We've spent a lot of time pumping up next summer's potential player movement. Have we been, to some extent, making fun of teams' fetishization of cap space? Yes. But there's also the distinct possibility that some big names could change teams. However, maybe even this guarded, satirical attitude has been too susceptible to hype. It's hard to ignore the kind of bleak argument made by my FreeDarko colleague Dr. LIC -- who believes that 2010 is total sham:
Beyond the top three 2010 FAs on this list (Bosh, LBJ, Wade--the former of which are not going anywhere anyway), is there ANY body that you would want your team to throw Rashard Lewis money at? Most of these guys have are gonna be old or have a history of injuries. And any now-monetarily satiated star who is slightly appealing (e.g. Dirk) isn't going to be looking to play in Milwaukee or Minnesota...they're gonna be looking to go somewhere to get a ring.
If you want to get really cynical about it, let the economic climate wash over you. Cap space matters now because it affects teams' bottom lines. It's a master stroke that the Nets have somehow convinced the world that they still have their eyes on LeBron, when in fact jettisoning Vince was a way to reckon with some harsh financial realties. I'll take it even further than Dr. LIC: Teams supposedly want a shot at LeBron or Wade (let's face it, Bosh
has fallen to second-fiddle status), but the truth is, you can count on one hand the organizations that figure at all in these two conversations. Mostly, it's about Cleveland and Miami proving they're worth it for these two superstars to stick around.
The other names hitting the open market in 2010? The likes of Bosh, Amare, Dirk, Nash, Yao and T-Mac are hardly worth mortgaging your team's future, financial and competitive, over. In fact, there's a good chance now that the latter two will have trouble getting any long-term deal next summer. The more you look at the vaunted Class of 2010, the more it looks like ... the motley bunch that populates 2009. Not the younger, lesser-known guys likely to get squeezed by 2010-itis (whether real or feigned), but names like Allen Iverson and Rasheed Wallace, players who still register with the public as stars but are on the downward arc of their careers. This once-lustrous roll call now seems in limbo -- will they, like Iverson and Wallace, be faced with taking a pay cut to go to a contender?
All of which brings us to a startling proposition: If what we once thought of as the windfall of 2010 is everyday getting closer and closer to the muddle of 2009, then is it possible that the pent-up thrill of 2010 is, in fact, best spent on 2009? Emotionally and financially, should 2009 be the new 2010?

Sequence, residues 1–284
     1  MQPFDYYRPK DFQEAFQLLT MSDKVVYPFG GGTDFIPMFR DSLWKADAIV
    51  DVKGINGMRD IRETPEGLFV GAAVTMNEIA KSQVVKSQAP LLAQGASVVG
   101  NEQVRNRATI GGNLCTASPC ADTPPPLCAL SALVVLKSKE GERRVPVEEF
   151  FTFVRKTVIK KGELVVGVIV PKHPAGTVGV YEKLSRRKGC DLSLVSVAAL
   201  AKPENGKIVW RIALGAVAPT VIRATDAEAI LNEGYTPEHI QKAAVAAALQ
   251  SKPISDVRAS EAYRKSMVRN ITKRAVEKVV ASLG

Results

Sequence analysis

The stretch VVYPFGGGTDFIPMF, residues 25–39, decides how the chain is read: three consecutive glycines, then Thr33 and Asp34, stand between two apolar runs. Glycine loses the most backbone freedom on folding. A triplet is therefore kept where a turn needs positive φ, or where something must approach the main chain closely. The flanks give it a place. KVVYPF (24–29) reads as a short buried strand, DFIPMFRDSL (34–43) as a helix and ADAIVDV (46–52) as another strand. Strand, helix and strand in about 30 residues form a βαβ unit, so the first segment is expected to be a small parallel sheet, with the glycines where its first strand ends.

Look at it this way: If teams are waiting to make a move, why exactly wouldn't they target Ramon Sessions, Charlie Villanueva, Paul Millsap, Ben Gordon, Ron Artest, Lamar Odom, Trevor Ariza, Hedo Turkoglu, or Marcin Gortat? None of them are huge names, but here's the rub: They won't cost an arm and a leg, either. Teams can save money and improve their teams long-term, far more than they could by staking it all on 2010. That's true even if saving money was as important as getting better. Teams who had thought of 2010 only as an excuse to shed payroll might find themselves strangely equipped to accomplish both goals. Would they even know how to cope?
At this point, most of this is academic. Teams have, or are, making a point of looking to contracts expiring in 2010. (One notable exception is Joe Dumars, who already has been active in looking at free agents this summer -- maybe reuniting former UConn teammates Villanueva and Gordon -- when formerly we'd assumed Iverson's contract would amount to something magical a year from now.) However, it's entirely possibly we might end up comparing these two offseasons and looking at 2010 as mostly hype, and 2009 the low-profile crop that got overshadowed until we saw the difference it made. Sort of like the draft of 2007 vs. 2008, or even 2006. Let's hope, for the sake of honor and justice, that teams only interested in their bottom line can't keep hiding behind the Bron-chasing excuse until then.
2010 will be all about the consolidation of empire. If someone doesn't stick up for the little guy before then, then the need for more parity could become a rallying cry for fans. And the funny thing is, they'll have no one to blame but their own team's supposed desire to aim for the stars rather than think realistically. If we even buy that story. Those teams will end up developing young players for the next few years, unless they buckle and end up bringing in names for the sake of bringing in names. Which, in the end, is the worst decision to be made from either a personnel or bottom line standpoint.